Armstrong Williams

Islam emerged from what is modern day Saudi Arabia in the 7th century, and never looked back. Muslim armies swept across North Africa and invaded Catholic Spain, destroying or converting the Christian communities along the way. They turned churches into mosques, and made Islam the official religion. Muslim armies also took over the Holy Land, destroyed the last non-Islamic Persian empire, and moved into Asia Minor (modern day Turkey). By the 16th century, Islam had destroyed the Christian Byzantine Empire, had taken over Constantinople, and had turned the Hagia Sophia -- the most beautiful church in Christendom -- into a mosque. A century later, Muslim armies were outside the gates of Vienna.

While the years have passed and the names of the armies and countries have changed, Islam's war against the rest of us continues at full speed. There isn't a day that goes by without a new terrorist attack carried out by a Muslim militant. Women are stoned in Afghanistan because they had the nerve to be raped... Children are beaten to death and strung up in Pakistan, because they were suspected of theft... Non-Muslims living in Muslim countries are in constant fear of kidnapping and murder... It's even happening here. In Buffalo, New York, a Muslim-American television executive who attempted to use his station to improve U.S public opinion about Muslims later beheaded his wife after she filed for divorce. Of the roughly 25 wars currently ongoing, 21 involve Muslim countries. Put differently, Islam is connected to 80% of the planet's armed conflicts, while making up only 20% of its population. There's a reason for that.

In Islam the world exists in two Houses. The House of Peace, where Islam is the recognized religion, and the House of War, where Islam is fighting to become the recognized religion, and because Islam teaches that Allah may change his mind at any time, for Muslims, there is no stable and universal moral code. When you eliminate reason as a guide in human thinking, force is the only thing that determines truth. For that reason, in the House of War, anything goes.

In regard to the Park51 mosque, both critics and supporters are getting the context wrong. They're framing the debate as if it were a New York or American affair -- a local dispute over land use. This is dangerously naive. The context isn't New York in the year 2010, but the whole world since the seventh century. If you ignore that, you miss the entire point, and are reduced to explaining the protests as examples of bigotry or religious intolerance.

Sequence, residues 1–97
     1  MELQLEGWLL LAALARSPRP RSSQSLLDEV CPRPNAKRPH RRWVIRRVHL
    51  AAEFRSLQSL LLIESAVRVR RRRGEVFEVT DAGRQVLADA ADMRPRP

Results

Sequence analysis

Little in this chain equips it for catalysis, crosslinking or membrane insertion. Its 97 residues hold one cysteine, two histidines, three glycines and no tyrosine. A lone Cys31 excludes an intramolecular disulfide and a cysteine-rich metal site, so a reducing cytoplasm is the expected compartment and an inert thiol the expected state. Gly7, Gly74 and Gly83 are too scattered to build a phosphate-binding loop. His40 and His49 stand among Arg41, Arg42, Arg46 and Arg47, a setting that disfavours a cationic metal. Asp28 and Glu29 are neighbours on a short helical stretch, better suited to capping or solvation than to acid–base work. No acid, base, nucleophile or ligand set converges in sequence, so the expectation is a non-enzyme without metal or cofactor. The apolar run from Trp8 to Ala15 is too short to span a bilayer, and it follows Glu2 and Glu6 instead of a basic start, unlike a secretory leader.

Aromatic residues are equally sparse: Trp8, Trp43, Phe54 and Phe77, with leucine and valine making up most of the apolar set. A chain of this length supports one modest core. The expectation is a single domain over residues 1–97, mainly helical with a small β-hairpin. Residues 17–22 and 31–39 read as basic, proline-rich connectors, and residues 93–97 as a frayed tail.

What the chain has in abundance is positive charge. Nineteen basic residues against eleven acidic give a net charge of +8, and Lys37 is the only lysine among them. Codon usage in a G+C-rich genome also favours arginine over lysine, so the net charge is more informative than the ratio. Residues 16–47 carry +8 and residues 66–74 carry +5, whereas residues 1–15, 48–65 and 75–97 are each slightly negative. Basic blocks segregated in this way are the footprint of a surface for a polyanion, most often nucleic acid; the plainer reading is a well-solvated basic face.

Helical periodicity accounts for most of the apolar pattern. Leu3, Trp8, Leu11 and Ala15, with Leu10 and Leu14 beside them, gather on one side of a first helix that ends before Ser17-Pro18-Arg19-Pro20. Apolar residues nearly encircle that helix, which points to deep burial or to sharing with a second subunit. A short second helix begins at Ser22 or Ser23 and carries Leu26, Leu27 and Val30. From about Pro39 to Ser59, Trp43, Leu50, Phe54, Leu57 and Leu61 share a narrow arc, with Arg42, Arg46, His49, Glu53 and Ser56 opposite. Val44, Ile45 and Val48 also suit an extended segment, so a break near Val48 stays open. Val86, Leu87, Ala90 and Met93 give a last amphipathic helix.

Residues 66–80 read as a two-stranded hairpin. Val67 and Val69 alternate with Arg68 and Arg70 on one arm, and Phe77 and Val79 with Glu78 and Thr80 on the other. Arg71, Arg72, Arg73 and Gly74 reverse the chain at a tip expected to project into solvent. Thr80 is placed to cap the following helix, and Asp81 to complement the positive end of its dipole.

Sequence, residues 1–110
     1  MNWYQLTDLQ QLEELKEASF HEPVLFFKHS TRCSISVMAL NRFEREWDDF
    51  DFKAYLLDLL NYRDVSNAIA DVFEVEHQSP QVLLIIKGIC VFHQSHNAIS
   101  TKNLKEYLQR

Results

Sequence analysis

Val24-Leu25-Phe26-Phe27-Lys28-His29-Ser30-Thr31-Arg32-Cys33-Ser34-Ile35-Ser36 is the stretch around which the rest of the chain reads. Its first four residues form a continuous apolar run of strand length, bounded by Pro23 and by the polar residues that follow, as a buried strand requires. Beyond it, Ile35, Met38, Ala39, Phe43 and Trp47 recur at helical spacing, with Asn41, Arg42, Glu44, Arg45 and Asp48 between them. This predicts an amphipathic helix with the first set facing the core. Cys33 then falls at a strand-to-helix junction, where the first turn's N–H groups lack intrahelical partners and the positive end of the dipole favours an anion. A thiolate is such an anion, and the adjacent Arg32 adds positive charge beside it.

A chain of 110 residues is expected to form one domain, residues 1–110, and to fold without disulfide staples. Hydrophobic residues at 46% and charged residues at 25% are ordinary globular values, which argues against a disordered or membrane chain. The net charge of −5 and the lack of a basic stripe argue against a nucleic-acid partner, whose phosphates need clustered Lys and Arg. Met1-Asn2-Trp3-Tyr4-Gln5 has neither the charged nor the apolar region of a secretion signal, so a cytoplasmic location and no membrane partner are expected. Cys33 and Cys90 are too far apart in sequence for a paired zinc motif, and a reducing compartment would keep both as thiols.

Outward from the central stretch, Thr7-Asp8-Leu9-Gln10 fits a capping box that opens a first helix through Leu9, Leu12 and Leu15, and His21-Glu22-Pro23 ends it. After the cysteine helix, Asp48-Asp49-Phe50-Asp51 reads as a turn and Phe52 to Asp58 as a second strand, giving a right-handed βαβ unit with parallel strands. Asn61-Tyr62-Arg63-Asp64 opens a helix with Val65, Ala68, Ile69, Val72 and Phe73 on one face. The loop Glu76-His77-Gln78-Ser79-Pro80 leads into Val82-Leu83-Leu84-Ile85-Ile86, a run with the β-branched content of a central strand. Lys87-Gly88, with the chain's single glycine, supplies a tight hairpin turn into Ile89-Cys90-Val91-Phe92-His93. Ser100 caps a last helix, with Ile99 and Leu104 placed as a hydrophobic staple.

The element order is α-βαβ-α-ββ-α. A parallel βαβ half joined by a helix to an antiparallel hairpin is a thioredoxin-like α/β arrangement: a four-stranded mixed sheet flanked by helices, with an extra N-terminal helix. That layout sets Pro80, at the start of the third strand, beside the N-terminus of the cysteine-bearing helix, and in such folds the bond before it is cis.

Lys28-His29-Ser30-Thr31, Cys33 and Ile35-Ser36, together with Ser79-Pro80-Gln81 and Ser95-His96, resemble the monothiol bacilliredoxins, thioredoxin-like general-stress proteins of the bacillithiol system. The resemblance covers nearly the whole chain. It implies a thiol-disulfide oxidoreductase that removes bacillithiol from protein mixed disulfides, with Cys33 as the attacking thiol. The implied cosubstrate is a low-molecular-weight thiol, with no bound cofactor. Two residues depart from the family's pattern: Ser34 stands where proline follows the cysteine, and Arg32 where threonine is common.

Islam has always grown through conquest, never through peaceful conversion or persuasion. Furthermore, there is nothing in Islam that allows for religious freedom, because Islam rejects the use of reason. If you can't depend on reason, then what's the point of having the freedom to use it? After all, it will only mislead you. In Islam, you're expected to submit to God (as he is presented to you by Islam), no matter what your reason or logic tells you.

That theological point has real-world consequences: The God of Islam will do what he will do, when he wants to do it, and there's no telling what that might be. God might make the sun rise tomorrow... Or he may not. He may upend the laws of gravity, or he might maintain them. We don't know, it's all up to Allah. That means we don't live in a stable natural world, and science is therefore impossible. That's the reason the Islamic world has fallen so far behind in technology, science, and medicine -- because they've rejected its very foundation. That's also why democracy is ultimately incompatible with the religion: If you can't depend on reason, how could you successfully choose a leader? Instead, a leader will be chosen for you by whatever Islamic authority has jurisdiction.

Contrast that with the attitudes of both Christianity and Judaism throughout history. While both have had (sometimes serious) conflicts -- and have carried out periods of religious suppression -- they both share a devotion to God-given human reason. Think of what that makes possible: People can be persuaded through argument, and not violence. Might no longer makes right. When Christians and Jews have violated this in the past, it is because they have acted contrary to the foundations of their religions, not because of it.

This devotion to reason also creates room for religious freedom. If we can use reason as a guide, then truth -- if presented fairly -- will be more compelling than error. We don't need to impose our religion through force (as is the case with Islam), but can simply create a free society where people can make their own decisions about faith and government. They'll sometimes be wrong, but when they are, it's because they neglected some aspect of their reason.

Islam is entirely different. They rejected philosophy in the 11th century, and have been in a cultural free fall ever since. Muslims are fine with religious freedom when they're in the minority in a country, because it gives them room to grow. But once they become the majority, they transform the nation into something else entirely, because a liberal democracy run by human reason is an offense (and an impossibility) to the Muslim Mind. Islam doesn't thrive in a liberal democracy; it merely bides its time.


Armstrong Williams

Armstrong Williams is a widely-syndicated columnist, CEO of the Graham Williams Group, and hosts the Armstrong Williams Show. He is the author of Reawakening Virtues.
 
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